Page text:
Saving Chinatown 

As ethnic enclaves around the country grapple with displacement and gentrification, activists and business leaders offer competing visions for the future of Oakland Chinatown.

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As other historic Chinatowns have been practically wiped out as a result of changing demographics and unchecked development, it's worth asking: What's the best way to save Oakland Chinatown?

Gentrification is often associated with socio-demographic shifts in which white newcomers displace longtime Black and Latino residents, but all around the country, ethnic enclaves similar to Oakland Chinatown are also in danger of being gentrified out of existence — or, at the very least, becoming a shadow of their former selves.

In Boston, an influx of luxury condominiums caused what had traditionally been a working class and predominantly Asian Chinatown to become increasingly affluent and white, according to a 2013 report on the gentrification of Chinatowns published by the Asian American Legal Defense Fund. In Washington, DC, the situation is even more dire: According to a Washington Post story published in July, only three hundred Chinese Americans are left in all of that city's Chinatown, down from a high of 3,000 — and many of those who remain are embroiled in a protracted legal battle to prevent their landlord from demolishing their Section 8 building to make way for more luxury condos.

click to enlarge Lailan Huen runs a national anti-displacement initiative. - BERT JOHNSON
  • Bert Johnson
  • Lailan Huen runs a national anti-displacement initiative.

Lailan Huen, who runs a national anti-displacement initiative for the National Coalition for Asian Pacific American Community Development (whose West Coast office is located in Oakland), recently completed a nationwide tour of historic Chinatowns. In an interview, Huen said it's overly simplistic to say that a Chinatown is "dying" just because some white people have moved in. But she confirmed that while a number of Chinatowns around the nation continue to thrive, the danger of displacement is very real.

DC's Chinatown, she said, was "pretty much the worst" example. Once comparable in size to Oakland's Chinatown, it now consists of about two city blocks — and even those are dotted with chain stores whose only connection to the old neighborhood are their architecture and signage. As the Washington Post story put it, "The historic Chinatown Garden restaurant shares a block with Panera Bread. The Chinese Community Church stands across from new high-rises."

Huen explained that the Chinatowns, Little Tokyos, and other similar ethnic enclaves have always been vulnerable because of their proximity to downtown areas, where rents and property values tend to skyrocket during boom times. Over the years, Oakland's Chinatown has also been impacted by these kinds of external pressures: Large sections of the old neighborhood were torn down in 1950 to make way for Interstate 880, and then again in the Sixties when the Webster Tube and Lake Merritt BART Station were built. Chinatown residents moved and rebuilt their community to adjust to each of these changes. And, for now, despite the occasional empty storefront, the neighborhood remains a mostly vibrant, bustling place — and one that's still overwhelmingly Asian.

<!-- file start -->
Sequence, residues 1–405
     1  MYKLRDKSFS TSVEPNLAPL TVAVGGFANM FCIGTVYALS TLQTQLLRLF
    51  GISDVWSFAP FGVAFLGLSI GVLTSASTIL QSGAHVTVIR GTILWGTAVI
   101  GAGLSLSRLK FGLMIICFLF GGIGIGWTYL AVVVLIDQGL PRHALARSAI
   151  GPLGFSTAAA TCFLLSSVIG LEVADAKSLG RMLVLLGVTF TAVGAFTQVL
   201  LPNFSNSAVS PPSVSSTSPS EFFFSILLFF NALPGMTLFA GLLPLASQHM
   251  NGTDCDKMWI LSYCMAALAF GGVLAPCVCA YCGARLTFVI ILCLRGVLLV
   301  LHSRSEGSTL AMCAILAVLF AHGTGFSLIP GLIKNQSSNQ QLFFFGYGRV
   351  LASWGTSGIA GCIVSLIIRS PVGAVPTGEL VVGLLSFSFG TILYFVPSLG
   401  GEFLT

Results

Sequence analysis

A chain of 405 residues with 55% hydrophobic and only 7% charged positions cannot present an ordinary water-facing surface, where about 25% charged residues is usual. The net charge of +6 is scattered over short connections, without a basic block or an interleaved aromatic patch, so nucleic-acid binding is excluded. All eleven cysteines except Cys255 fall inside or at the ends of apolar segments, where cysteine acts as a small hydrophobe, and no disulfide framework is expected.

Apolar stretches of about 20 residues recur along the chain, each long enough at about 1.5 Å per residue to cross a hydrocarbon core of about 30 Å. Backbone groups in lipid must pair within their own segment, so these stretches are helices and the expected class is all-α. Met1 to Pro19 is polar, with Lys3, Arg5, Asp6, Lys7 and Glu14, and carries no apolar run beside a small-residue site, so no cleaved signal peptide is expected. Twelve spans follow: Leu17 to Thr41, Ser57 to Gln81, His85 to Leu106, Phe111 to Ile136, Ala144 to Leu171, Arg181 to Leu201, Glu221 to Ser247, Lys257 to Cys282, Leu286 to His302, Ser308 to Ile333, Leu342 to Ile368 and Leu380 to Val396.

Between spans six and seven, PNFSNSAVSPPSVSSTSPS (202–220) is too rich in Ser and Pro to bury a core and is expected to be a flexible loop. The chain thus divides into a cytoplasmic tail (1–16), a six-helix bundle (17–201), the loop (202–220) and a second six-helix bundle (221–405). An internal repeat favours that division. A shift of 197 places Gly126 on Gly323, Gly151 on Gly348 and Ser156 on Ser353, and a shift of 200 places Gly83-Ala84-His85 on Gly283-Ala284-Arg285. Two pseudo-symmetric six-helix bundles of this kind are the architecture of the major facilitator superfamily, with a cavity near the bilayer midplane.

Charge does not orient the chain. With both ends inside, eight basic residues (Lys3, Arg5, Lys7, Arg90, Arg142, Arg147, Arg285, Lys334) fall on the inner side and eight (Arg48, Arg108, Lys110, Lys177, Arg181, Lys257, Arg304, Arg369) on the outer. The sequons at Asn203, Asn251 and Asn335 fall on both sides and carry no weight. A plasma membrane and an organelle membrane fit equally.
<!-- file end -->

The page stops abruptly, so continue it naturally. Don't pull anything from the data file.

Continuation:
What's frightening, though, is how quickly it can all fall apart — a matter of ten or fifteen years in the case of DC's Chinatown, which began to change rapidly following the construction of a sports arena, the Verizon Center, in 1997.

And if the last vestige of Chinese residents really do get pushed out of DC's Chinatown — or Oakland's, for that matter — Huen fears that what remains won't be much of a Chinatown at all. "You can have restaurants there, but it's not real," she said. "It's basically like Disneyland for the gentrifiers."

For those advocating to protect the cultural legacy of Oakland Chinatown, part of the problem is that the neighborhood is largely an enigma to members of the general public who aren't involved in its day-to-day life — who know it as an occasional dim sum destination, perhaps, but nothing more.

It doesn't help that, in recent months, the neighborhood has become a sort of token that gets trotted out whenever local media outlets decide to run stories critical of Oakland's recent minimum wage increase. Inevitably, a shopkeeper or restaurant owner from Chinatown is the one quoted saying that he or she is "dying" as a result of the wage hike, or opining, ominously, that workers won't benefit if all the businesses in the neighborhood shut down. (Four of the first ten results from a recent Google search for news stories about Oakland Chinatown were articles about the minimum wage.)

This is no coincidence — in part because, by most accounts, the transition to the higher wage has been difficult for many of the neighborhood's small businesses. In addition, the Oakland Chinatown Chamber of Commerce has been an outspoken critic of Measure FF, the ballot measure responsible for raising the minimum wage — from $9 to $12.25 an hour — this past March. In one memorable headline-grabbing example, former chamber president and current board member Carl Chan described the minimum wage as the "final nail to the coffin."

Chan, more than any other individual, is the public face of Oakland Chinatown. Emcee of this year's StreetFest, consummate hobnobber, and wearer of innumerable hats, he's known to many by his longstanding nickname: "the mayor of Chinatown." In addition to his day job running Claremont Development (an East Bay real estate company), Chan is the chair of the Chinatown crime prevention council, chair of the board of directors for the nonprofit Asian Health Services, a board member of Visit Oakland, and a member or chairperson of a half-dozen other assorted committees in Oakland.


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